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  • Woodstove smoke - a source of winter air pollution in Oregon
    With cooler temperatures in Oregon, it is a perfect time to talk about woodstove smoke. If not used correctly, woodstoves can emit a lot of smoke, which is bad news for both the environment and your health.
    Consider this: It only takes 20 of the older, non-certified woodstoves to emit more than 1 ton of fine particular pollution (called PM2.5) into the air. The problem gets bigger when you realize people burn more than 10 million woodstoves in just the United States. 
    Smoke from wood-burning stoves and fireplaces contain a mixture of harmful gases and small particles. Breathing these small particles can cause asthma attacks and severe bronchitis, aggravate heart and lung disease and increase the likelihood of respiratory illnesses.
    Fortunately, burning smart is fairly easy to do.
    • Burn only wood. No garbage, plastics, rubber, paint or oil, briquettes, paper, etc. Burning these items releases harmful chemicals into the air. 
    • Build small, hot fires instead of large, smoldering ones. 
    • Don't "bed the fire down" for the night. Holding a fire overnight is a fire hazard and can create serious indoor and outdoor air pollution problems. 
    • Open your damper if the smoke is dark. Dark smoke indicates more pollution is being produced and fuel is being wasted. 
    • Keep your stove clean and well-maintained. Follow manufacturer guidelines; replace catalytic stove filters every 1-4 years. Have your chimney checked and cleaned at least once a year.
    Learn more about the health impacts of woodstove smoke and simple tips you can take to burn smarter. Or watch a short video on the 4 steps to splitting and drying wood.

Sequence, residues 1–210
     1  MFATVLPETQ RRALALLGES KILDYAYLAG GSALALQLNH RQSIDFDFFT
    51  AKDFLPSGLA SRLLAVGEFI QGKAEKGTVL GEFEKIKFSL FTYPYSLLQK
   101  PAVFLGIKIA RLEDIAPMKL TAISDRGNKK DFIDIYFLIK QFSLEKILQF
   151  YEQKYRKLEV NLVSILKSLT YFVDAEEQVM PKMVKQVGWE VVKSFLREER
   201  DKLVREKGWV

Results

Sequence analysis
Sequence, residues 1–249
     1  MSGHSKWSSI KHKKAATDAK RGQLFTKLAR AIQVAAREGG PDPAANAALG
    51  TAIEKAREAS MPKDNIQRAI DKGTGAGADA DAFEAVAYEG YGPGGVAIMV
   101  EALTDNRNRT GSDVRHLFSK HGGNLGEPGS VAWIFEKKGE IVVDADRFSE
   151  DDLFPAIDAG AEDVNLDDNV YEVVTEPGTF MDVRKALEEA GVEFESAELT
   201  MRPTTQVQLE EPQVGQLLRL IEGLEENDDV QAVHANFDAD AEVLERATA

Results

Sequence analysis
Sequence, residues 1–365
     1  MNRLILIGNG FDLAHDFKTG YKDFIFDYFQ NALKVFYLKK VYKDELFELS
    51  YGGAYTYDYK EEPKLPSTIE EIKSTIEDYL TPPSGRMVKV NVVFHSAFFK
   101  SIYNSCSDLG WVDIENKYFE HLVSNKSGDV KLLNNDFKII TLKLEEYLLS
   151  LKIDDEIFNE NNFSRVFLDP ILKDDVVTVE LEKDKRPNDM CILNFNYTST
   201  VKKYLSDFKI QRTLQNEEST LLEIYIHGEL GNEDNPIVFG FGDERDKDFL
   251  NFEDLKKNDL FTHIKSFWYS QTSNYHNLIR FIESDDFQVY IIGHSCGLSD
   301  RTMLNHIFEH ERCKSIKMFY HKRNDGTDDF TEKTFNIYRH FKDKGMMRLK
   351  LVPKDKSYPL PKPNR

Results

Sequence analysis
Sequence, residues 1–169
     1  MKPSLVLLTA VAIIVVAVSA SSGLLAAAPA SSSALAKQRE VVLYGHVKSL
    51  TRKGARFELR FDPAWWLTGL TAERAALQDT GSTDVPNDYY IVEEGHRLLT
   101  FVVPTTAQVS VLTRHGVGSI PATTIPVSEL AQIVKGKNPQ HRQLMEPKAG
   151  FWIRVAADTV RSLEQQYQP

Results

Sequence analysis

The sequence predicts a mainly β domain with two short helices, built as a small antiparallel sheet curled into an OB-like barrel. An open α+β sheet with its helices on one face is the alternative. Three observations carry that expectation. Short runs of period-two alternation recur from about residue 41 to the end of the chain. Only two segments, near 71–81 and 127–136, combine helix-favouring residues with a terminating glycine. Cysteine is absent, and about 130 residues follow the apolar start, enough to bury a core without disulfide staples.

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DEQ Office Locations, Hours and Closures

As of April 2015, the DEQ’s Western Region office in Salem new address is: 4026 Fairview Industrial Drive, Salem, OR. 97302.
As of May 2015, DEQ's Northwest Region Office new address is: 700 NE Multnomah St. (the 700 Lloyd Building), Portland, OR 97232.
For notice of inclement weather closures at DEQ and statewide, check the Oregon State Office Closures page.
A message from the Director, Dick Pedersen
Wildfires and the air you breathe: how we help protect your health
Dick PedersenFor most people, Oregon DEQ brings to mind environmental protection and regulation. And that’s true. We care a lot about the environment and the health of our air, land and water.
But we also care about the health of Oregonians. We care about people and their quality of life.

DEQ may not be able to prevent a wildfire from destroying your home, but our scientific data on air quality levels can ultimately help save lives.
Our work during wildfire season is a good (and timely) example of how our responsibilities to environmental health and human health can converge. During wildfires, DEQ’s primary responsibility is to monitor air quality and use our data to help the public protect themselves from severe
smoke impacts.
Visit the Oregon Smoke blog, for the latest and most comprehensive information on wildfire smoke and air quality across the state. 
Epnewswire, 11/14/25
East Oregonian, Pendleton, 11/23/15